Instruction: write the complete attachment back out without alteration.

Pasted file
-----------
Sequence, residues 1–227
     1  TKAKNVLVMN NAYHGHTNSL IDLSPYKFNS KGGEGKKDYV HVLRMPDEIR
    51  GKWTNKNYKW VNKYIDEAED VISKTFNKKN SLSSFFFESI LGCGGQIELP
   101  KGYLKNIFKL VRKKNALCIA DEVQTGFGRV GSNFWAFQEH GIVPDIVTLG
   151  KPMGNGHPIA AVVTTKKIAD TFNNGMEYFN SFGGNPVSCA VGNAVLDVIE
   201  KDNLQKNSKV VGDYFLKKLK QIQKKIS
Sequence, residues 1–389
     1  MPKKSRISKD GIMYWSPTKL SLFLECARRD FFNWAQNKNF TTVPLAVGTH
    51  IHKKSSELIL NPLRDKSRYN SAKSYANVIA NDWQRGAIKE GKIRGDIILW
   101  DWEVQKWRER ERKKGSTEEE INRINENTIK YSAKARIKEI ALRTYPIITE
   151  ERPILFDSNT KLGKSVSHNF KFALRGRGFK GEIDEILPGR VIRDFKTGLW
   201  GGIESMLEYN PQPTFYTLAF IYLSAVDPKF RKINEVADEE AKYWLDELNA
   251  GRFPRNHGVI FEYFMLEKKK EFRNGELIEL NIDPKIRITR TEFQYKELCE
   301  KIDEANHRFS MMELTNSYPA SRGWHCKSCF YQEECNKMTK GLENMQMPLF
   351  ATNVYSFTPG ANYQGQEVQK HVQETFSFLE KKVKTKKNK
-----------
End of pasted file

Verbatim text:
Sequence, residues 1–227
     1  TKAKNVLVMN NAYHGHTNSL IDLSPYKFNS KGGEGKKDYV HVLRMPDEIR
    51  GKWTNKNYKW VNKYIDEAED VISKTFNKKN SLSSFFFESI LGCGGQIELP
   101  KGYLKNIFKL VRKKNALCIA DEVQTGFGRV GSNFWAFQEH GIVPDIVTLG
   151  KPMGNGHPIA AVVTTKKIAD TFNNGMEYFN SFGGNPVSCA VGNAVLDVIE
   201  KDNLQKNSKV VGDYFLKKLK QIQKKIS
Sequence, residues 1–389
     1  MPKKSRISKD GIMYWSPTKL SLFLECARRD FFNWAQNKNF TTVPLAVGTH
    51  IHKKSSELIL NPLRDKSRYN SAKSYANVIA NDWQRGAIKE GKIRGDIILW
   101  DWEVQKWRER ERKKGSTEEE INRINENTIK YSAKARIKEI ALRTYPIITE
   151  ERPILFDSNT KLGKSVSHNF KFALRGRGFK GEIDEILPGR VIRDFKTGLW
   201  GGIESMLEYN PQPTFYTLAF IYLSAVDPKF RKINEVADEE AKYWLDELNA
   251  GRFPRNHGVI FEYFMLEKKK EFRNGELIEL NIDPKIRITR TEFQYKELCE
   301  KIDEANHRFS MMELTNSYPA SRGWHCKSCF YQEECNKMTK GLENMQMPLF
   351  ATNVYSFTPG ANYQGQEVQK HVQETFSFLE KKVKTKKNK